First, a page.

The third premise is more controversial, even though it is cautiously framed. It claims only that some extreme poverty can be prevented without the sacrifice of anything of comparable moral significance. It thus avoids the objection that any aid I can give is just `drops in the ocean' for the point is not whether my personal contribution will make any noticeable impression on world poverty as a whole (of course it won't) but whether it will prevent some poverty. This is all the argument needs to sustain its conclusion, since the second premise says that any extreme poverty is bad, and not merely the total amount of extreme poverty. If without sacrificing anything of comparable moral significance we can provide just one family with the means to raise itself out of extreme poverty, the third premise is vindicated.
Nevertheless, some will argue that I can’t have any confidence that my donation to an aid organization will save a life, or will help people to lift themselves out of extreme poverty. Often these arguments are based on demonstrably false beliefs, such as the idea that aid organizations use most of the money given to them for administrative costs, so that only a small fraction gets through to the people who need it, or that corrupt governments in developing nations will take the money. In fact, the major aid organizations use no more than 20% of the funds they raise for administrative purposes, leaving at least 80% for the programs that directly help the poor, and they do not donate to governments, but work directly with the poor, or with grassroots organizations in developing countries that have a good record of helping the poor.
Measuring the effectiveness of an aid organization by the extent to which it can reduce its administrative costs is, however, a common mistake. Administrative costs include the salaries of experienced people who can ensure that your donation will fund projects that really help the poor in a sustainable, long-term way. An organization that does not employ such people may have lower administrative costs than one that does, but it will still achieve less with your donation.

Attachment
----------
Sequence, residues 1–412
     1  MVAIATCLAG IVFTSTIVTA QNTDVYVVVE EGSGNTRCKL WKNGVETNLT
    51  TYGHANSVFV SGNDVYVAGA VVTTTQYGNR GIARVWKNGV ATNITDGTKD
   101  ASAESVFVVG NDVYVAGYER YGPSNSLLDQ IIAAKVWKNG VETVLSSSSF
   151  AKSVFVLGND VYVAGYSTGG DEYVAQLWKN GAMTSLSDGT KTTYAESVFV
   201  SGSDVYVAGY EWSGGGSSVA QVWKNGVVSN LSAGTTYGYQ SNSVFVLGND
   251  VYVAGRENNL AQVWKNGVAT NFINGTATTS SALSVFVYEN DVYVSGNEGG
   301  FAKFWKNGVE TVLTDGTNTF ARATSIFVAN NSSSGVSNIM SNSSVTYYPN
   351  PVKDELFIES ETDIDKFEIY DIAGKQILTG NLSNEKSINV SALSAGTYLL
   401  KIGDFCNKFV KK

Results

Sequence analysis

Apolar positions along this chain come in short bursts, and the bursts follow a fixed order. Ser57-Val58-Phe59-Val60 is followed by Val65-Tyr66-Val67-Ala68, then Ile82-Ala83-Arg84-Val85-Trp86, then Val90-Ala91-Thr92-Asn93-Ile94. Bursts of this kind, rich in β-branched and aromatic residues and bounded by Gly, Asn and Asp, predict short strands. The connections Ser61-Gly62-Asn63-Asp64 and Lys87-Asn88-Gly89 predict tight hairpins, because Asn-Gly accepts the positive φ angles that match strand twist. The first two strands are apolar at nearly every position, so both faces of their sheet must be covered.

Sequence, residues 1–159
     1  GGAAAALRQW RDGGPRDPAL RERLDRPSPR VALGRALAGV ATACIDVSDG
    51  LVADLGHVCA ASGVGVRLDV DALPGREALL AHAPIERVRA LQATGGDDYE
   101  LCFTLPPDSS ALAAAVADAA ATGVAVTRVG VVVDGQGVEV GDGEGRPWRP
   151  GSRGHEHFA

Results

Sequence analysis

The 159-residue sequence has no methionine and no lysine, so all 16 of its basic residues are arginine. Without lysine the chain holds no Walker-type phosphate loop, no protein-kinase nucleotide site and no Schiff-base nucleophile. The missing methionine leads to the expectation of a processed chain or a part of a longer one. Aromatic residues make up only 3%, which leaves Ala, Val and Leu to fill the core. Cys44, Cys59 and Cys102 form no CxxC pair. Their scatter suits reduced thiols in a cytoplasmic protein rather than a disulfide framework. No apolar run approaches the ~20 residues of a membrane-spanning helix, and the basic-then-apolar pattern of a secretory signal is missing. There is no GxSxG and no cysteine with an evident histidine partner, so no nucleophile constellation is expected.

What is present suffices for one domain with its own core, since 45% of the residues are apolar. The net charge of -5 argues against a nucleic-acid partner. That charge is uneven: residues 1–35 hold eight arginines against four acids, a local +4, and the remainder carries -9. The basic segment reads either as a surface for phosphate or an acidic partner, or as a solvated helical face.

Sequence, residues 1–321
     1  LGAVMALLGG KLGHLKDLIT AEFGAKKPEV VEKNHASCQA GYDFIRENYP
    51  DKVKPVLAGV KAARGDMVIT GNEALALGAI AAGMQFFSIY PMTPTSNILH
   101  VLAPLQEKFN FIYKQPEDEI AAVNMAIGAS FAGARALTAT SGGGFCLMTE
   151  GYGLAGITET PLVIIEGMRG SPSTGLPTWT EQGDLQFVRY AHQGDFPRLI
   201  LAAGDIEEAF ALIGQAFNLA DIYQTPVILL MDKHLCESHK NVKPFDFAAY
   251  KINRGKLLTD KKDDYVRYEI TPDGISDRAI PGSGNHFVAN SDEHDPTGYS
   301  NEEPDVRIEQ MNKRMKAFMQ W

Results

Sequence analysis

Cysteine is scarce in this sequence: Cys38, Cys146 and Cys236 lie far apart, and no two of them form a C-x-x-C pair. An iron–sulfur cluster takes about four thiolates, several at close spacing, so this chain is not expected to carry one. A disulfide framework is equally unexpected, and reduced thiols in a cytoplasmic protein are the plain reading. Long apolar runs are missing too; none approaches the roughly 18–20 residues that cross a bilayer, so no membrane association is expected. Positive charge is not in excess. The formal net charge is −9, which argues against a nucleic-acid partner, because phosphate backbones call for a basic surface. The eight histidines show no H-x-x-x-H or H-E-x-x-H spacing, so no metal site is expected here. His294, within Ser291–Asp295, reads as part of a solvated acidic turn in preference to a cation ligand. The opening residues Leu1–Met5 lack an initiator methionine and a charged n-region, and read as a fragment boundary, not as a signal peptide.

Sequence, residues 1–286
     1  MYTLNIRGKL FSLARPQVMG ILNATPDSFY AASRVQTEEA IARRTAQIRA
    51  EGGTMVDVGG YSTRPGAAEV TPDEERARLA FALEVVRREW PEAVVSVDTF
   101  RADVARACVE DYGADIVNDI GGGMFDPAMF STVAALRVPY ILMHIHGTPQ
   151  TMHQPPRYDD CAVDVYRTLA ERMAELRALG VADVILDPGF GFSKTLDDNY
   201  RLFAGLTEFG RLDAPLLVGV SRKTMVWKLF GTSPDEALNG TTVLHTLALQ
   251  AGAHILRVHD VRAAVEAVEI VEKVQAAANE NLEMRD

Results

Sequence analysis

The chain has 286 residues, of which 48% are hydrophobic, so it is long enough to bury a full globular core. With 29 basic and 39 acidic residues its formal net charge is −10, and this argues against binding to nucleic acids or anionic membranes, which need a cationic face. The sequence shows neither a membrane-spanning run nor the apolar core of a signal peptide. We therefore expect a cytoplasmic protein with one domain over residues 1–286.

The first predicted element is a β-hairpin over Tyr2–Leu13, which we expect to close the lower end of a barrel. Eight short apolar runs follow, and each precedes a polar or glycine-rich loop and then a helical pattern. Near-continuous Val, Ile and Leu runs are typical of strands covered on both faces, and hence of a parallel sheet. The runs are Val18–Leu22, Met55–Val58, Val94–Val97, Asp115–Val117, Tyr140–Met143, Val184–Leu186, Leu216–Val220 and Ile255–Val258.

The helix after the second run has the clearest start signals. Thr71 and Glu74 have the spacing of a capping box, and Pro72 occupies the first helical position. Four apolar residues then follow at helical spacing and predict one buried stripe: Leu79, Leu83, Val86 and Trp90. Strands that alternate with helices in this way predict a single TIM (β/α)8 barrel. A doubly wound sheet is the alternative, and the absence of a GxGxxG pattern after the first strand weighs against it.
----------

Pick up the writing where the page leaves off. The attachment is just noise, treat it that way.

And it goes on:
GiveWell.net is not an aid organization, but an organization that seeks hard evidence about which organizations are most effective. It has, for example, compared the cost per life saved, of various organizations that work to combat the diseases that kill many of those 8.8 million children who die each year from poverty-related causes. According to GiveWell, there are several organizations that can save a life for somewhere in the range of $600-$1200, and on the GiveWell.net website, you can see which it ranks most highly. Since you can give to one of the top-ranked organizations, it seems clear that the third premise of the argument is true,at for people who spend at least a few hundred dollars a year on things they do not really need. They can save a life, or prevent some extreme poverty, without sacrificing anything of comparable moral significance.
I have left the notion of moral significance unexamined in order to show that the argument does not depend on any specific values or ethical principles. I think the third premise is true for most people living in industrialized nations, on any defensible view of what is morally significant. Our affluence means that we have income we can dispose of without giving up the basic necessities of life, and we can use this income to reduce extreme poverty. Just how much we will think ourselves obliged to give up will depend on what we consider to be of comparable moral significance to the poverty we could prevent: stylish clothes, expensive dinners, a sophisticated stereo system, exotic holidays, a luxury car, a larger house, private schools for our children... For a utilitarian, none of these is likely to be of comparable significance to the reduction of extreme poverty; and those who are not utilitarians surely must, if they subscribe to the principle of universalizability, accept that at least some of these things are of far less moral significance than the extreme poverty that could be prevented by the money they cost. So the third premise seems to be true on any plausible ethical view ‑ although the precise amount of extreme poverty that can be prevented before anything of moral significance is sacrificed will vary according to the ethical view one accepts.